Despite advances in civil rights, many senior care providers never stop to consider that their older clients may be lesbian, gay, bisexual, and transgender (LGBT) — and even those who do may not know how to provide services in culturally-sensitive ways. As a result, LGBT seniors often avoid seeking needed services out of fear of discrimination.
The tendency for LGBT seniors to go “back in the closet” is particularly pronounced in situations where they are most vulnerable — such as when accessing home health care or residing in assisted living or residential care facilities. One study indicated that LGBT seniors may be as much as five times less likely to access needed health and social services because of their fear of discrimination from the very people who should be helping them.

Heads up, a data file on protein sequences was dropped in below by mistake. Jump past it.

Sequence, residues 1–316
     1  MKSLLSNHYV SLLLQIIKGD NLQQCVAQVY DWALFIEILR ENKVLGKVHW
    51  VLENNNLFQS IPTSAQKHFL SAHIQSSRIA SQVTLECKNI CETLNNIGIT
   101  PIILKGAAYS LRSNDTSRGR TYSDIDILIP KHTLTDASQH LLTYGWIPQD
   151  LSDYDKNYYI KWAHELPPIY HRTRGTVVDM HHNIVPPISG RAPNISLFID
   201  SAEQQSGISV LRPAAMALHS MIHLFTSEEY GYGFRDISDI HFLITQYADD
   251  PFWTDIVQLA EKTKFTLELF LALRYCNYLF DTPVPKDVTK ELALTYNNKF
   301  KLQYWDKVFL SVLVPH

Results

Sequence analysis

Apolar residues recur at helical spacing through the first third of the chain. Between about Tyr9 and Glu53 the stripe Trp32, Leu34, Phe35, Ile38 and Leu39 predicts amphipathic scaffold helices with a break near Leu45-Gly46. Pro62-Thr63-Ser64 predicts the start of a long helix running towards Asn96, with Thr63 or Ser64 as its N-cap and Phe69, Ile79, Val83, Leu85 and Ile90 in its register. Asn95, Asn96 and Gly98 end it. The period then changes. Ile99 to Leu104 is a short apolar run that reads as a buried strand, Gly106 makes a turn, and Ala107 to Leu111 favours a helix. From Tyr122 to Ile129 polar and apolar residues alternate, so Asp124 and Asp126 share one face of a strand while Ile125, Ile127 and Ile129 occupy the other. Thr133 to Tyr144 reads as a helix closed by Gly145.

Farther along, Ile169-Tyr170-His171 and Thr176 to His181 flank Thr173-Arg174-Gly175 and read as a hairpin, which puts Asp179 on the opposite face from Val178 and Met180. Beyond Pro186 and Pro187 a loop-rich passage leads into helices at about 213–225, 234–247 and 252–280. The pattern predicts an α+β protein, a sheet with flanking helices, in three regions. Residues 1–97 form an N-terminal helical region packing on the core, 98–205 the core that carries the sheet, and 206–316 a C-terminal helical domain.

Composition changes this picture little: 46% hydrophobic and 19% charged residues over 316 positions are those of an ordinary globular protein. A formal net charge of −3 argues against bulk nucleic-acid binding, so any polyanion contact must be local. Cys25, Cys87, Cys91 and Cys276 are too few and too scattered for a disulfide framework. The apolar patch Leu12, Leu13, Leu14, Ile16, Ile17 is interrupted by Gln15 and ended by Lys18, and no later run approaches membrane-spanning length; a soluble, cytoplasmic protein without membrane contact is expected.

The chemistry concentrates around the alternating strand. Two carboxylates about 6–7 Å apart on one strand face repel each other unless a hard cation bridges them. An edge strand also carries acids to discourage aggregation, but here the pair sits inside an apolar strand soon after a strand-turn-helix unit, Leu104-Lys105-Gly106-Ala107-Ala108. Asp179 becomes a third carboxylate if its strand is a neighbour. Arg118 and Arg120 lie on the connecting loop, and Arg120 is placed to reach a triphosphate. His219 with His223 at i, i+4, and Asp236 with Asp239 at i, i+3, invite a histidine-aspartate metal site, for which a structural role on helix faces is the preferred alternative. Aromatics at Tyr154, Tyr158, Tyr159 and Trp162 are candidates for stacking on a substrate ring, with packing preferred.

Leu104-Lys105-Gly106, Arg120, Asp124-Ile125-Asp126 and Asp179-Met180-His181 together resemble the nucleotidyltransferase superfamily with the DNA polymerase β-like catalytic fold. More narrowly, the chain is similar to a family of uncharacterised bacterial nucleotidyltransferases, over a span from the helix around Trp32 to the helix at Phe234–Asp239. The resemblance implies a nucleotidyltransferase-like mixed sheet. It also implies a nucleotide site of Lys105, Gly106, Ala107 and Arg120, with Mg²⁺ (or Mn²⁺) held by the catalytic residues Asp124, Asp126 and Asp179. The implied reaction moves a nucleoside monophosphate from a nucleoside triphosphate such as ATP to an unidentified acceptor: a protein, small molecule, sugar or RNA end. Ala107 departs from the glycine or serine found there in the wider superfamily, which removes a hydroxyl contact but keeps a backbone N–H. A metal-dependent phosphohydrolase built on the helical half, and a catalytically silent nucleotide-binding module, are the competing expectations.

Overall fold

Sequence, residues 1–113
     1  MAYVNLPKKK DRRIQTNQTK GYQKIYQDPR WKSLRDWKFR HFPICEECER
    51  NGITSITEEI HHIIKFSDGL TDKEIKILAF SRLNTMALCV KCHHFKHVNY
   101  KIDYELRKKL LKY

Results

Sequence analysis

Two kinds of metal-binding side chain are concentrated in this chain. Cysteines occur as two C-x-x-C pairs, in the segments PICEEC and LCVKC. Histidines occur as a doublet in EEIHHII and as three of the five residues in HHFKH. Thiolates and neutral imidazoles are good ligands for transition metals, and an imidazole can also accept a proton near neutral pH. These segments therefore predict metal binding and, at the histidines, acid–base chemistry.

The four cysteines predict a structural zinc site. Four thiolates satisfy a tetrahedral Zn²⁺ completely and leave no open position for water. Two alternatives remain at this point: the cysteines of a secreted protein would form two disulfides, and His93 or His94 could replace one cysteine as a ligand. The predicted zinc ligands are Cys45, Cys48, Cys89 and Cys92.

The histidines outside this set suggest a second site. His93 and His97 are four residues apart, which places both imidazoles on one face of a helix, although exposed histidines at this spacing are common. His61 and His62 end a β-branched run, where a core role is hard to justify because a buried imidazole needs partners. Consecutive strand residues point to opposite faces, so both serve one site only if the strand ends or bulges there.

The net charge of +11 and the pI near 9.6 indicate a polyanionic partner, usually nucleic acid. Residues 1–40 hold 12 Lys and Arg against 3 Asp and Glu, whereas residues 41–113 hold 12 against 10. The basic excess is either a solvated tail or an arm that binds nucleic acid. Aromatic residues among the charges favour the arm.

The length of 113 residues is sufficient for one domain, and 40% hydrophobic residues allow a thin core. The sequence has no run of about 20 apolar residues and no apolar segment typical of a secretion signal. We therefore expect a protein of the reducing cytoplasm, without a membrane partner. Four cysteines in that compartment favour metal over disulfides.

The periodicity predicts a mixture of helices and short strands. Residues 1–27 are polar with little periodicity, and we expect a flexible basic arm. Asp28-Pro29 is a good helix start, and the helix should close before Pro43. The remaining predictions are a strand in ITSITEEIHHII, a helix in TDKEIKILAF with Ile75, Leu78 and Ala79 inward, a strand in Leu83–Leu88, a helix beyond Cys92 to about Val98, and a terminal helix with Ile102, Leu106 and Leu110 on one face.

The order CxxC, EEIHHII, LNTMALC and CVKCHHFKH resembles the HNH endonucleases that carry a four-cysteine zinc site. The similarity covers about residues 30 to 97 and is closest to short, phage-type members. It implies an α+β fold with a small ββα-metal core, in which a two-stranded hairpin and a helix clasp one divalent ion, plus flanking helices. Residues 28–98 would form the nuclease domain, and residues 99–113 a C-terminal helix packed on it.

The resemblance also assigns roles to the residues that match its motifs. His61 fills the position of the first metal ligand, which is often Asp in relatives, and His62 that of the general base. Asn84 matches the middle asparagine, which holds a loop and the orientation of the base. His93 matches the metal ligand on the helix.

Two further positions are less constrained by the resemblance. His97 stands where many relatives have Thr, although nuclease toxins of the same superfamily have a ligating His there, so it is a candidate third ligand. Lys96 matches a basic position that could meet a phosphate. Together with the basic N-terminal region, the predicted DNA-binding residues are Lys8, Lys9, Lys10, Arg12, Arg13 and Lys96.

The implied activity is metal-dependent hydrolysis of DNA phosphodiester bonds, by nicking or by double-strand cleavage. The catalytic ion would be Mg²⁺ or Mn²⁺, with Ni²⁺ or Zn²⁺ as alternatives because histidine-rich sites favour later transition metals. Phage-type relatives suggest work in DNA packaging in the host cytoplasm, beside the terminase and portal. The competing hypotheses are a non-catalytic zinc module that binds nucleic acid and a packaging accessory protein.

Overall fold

This type of social isolation has an enormous impact in the health and wellbeing of LGBT seniors. With LGBT seniors twice as likely to live alone than heterosexual seniors, more than four times as likely to have no children, the informal caregiving support we assume is in place for older adults may not be there for LGBT elders.
Programs like SAGE offer an important “safety net” for LGBT elders. SAGE works with LGBT elders to address and overcome the challenges of discrimination in senior service settings, while also being an essential component in the creation of informal caregiving support, and development of new “family” networks.
Today, there are a growing number of retirement communities, senior housing and other high-end housing options targeting LGBT seniors. But for hundreds of thousands of LGBT seniors who will be aging in place in their own communities, SAGE programs and services provide the link they need to a safe and welcoming community. For more information, visit http://www.sageusa.org/